The rise in average earnings quickened in March so that the year-on-year increase over the first quarter of 2006 was 4.2 per cent, up from a revised 4.1 per cent in the three months to February.
That was still well within the 4.5 per cent "comfort zone" that the Bank of England has said it regards as consistent with its two per cent inflation target.
The increase was entirely due to bonuses, National Statistics reported. Regular pay was only 3.8 per cent higher year on year for the third month in a row, confirming the growing view that the leap in energy prices is not being met with more generous pay deals which could develop into an inflationary spiral.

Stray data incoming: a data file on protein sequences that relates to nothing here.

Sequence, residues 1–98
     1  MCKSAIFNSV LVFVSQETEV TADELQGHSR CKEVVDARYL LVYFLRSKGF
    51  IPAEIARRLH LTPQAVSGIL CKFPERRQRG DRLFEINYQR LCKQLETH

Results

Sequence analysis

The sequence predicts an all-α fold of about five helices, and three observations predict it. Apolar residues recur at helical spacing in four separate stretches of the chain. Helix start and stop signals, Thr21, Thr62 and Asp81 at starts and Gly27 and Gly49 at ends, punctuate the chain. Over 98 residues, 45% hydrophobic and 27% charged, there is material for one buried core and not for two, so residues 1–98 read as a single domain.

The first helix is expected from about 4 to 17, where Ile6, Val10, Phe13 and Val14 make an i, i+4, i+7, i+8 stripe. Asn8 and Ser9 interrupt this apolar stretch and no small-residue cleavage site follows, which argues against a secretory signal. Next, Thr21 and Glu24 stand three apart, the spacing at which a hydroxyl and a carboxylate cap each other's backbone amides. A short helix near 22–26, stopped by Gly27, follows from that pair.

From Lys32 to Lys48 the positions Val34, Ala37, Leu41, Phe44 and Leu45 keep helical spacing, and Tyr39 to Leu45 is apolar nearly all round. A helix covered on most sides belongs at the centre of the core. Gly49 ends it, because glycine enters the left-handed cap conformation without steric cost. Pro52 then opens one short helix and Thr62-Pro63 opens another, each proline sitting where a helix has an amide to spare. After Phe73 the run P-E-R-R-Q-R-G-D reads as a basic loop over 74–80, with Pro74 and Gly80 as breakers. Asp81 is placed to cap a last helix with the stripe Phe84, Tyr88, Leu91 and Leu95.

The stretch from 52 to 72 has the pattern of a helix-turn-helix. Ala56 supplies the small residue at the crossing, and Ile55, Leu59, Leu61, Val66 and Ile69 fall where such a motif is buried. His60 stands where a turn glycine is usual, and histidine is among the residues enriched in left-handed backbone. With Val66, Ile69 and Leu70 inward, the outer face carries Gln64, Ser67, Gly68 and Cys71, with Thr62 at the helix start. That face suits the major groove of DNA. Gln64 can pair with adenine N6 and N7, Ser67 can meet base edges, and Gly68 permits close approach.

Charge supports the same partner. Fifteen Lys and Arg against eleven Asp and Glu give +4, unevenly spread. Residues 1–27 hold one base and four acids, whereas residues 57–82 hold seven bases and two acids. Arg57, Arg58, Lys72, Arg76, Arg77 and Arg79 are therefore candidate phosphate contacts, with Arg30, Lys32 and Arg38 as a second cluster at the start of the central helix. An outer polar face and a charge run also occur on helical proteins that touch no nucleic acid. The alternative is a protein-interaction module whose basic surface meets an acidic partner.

"The labour market poses little threat to inflation," commented Philip Shaw, chief economist at Investec.
In the money market, short sterling interest rate futures eased downwards, reflecting a sense that the pressure on the Bank of England to raise its official interest rate from the 4.5 per cent, where it has been since last August, are less urgent than they seemed last week.